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Jesuit Refugee Service Mission Continues Amid Coronavirus Outbreak

BY ISN STAFF | March 17, 2020

During the unprecedented spread of COVID-19, Jesuit Refugee Service (JRS) is continuing its mission to accompany, serve, and advocate with and on behalf of the forcibly displaced while taking steps to ensure the well-being of those they accompany and their staff. 

Present in over 56 projects throughout the world, JRS is continuing operations where possible. To prevent the spread of the virus, JRS Global security staff is educating staff around the globe on the information regarding the virus and instructions for hygiene and group practices. Office staff in Europe, the USA, and the Middle East have moved to home-based working and non-essential meetings and travel have been postponed or canceled.


Between August and December 2017, an estimated 800,000 Rohingya arrived in Bangladesh after fleeing religious and ethnic persecution in Myanmar. [Jesuit Refugee Service]

The organization is focused on the growing concern of how COVID-19 will impact the millions of forcibly displaced people around the world who are subject to difficult living conditions and have limited access to health care, making them especially vulnerable to this outbreak and its social and economic repercussions. 

“What does this mean for the refugees in Italy, whose Italian classes have been canceled, food distributions limited, and hope of finding work made more difficult?” asked Rev. Tom Smolich, S.J., JRS International Director.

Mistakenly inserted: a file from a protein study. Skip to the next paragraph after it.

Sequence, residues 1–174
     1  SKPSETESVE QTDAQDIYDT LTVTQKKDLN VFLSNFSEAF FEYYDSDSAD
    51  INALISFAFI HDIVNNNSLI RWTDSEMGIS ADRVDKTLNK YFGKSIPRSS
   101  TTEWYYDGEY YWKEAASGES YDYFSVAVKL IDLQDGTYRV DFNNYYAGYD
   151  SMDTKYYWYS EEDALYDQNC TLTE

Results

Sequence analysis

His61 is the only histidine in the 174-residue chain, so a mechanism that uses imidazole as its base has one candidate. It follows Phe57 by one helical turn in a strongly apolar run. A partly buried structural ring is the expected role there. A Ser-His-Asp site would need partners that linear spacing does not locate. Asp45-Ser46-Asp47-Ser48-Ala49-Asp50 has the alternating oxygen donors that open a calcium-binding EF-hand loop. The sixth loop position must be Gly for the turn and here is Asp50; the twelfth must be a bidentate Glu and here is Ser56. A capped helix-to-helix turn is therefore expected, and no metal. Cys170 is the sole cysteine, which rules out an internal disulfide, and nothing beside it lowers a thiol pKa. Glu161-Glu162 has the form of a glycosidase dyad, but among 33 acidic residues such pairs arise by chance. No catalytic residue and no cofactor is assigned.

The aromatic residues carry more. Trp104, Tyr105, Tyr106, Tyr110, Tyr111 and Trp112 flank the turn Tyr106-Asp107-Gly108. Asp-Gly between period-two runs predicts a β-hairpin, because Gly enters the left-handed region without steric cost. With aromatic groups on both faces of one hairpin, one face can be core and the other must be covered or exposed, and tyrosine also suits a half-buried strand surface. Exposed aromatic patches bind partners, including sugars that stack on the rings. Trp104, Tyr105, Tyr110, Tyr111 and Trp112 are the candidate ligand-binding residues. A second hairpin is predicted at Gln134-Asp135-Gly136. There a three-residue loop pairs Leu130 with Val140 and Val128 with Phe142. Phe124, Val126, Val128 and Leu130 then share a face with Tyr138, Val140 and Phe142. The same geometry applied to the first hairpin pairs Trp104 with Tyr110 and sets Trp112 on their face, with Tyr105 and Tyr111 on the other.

Here in the U.S., JRS/USA chaplains are considered essential personnel and continue to serve people detained by the U.S. government in five detention centers. JRS staff are ensuring that everyone in the centers has access to n95 masks and appropriate hygiene materials.

Programs serving especially vulnerable individuals have been canceled whenever possible, but additional hygiene supplies are being provided and education on hygiene practices is being implemented.

The organization’s annual spring Advocacy Day, originally planned for April 2 in Washington D.C. has been canceled. However, JRS/USA is still urging for education and advocacy to take place providing opportunities to virtually participate.

“Please remember that if you’re also doing your part and limiting social contact, you don’t have to limit your support for refugees. We encourage you to continue to take action and to learn and share the stories of the forcibly displaced,” said Joan Rosenhaur, executive director of JRS/USA.

JRS is calling on people of faith to remember the importance of solidarity and to act in a way that unites everyone as a community during this challenging situation. 

1 reply
  1. Dr.Cajetan Coelho
    Dr.Cajetan Coelho says:

    Life is a precious gift. In these testing times, leaving behind one’s secure surroundings and accompanying the migrants, the refugees, the homeless, the voiceless, and the vulnerable sections of humanity is a noble mission.


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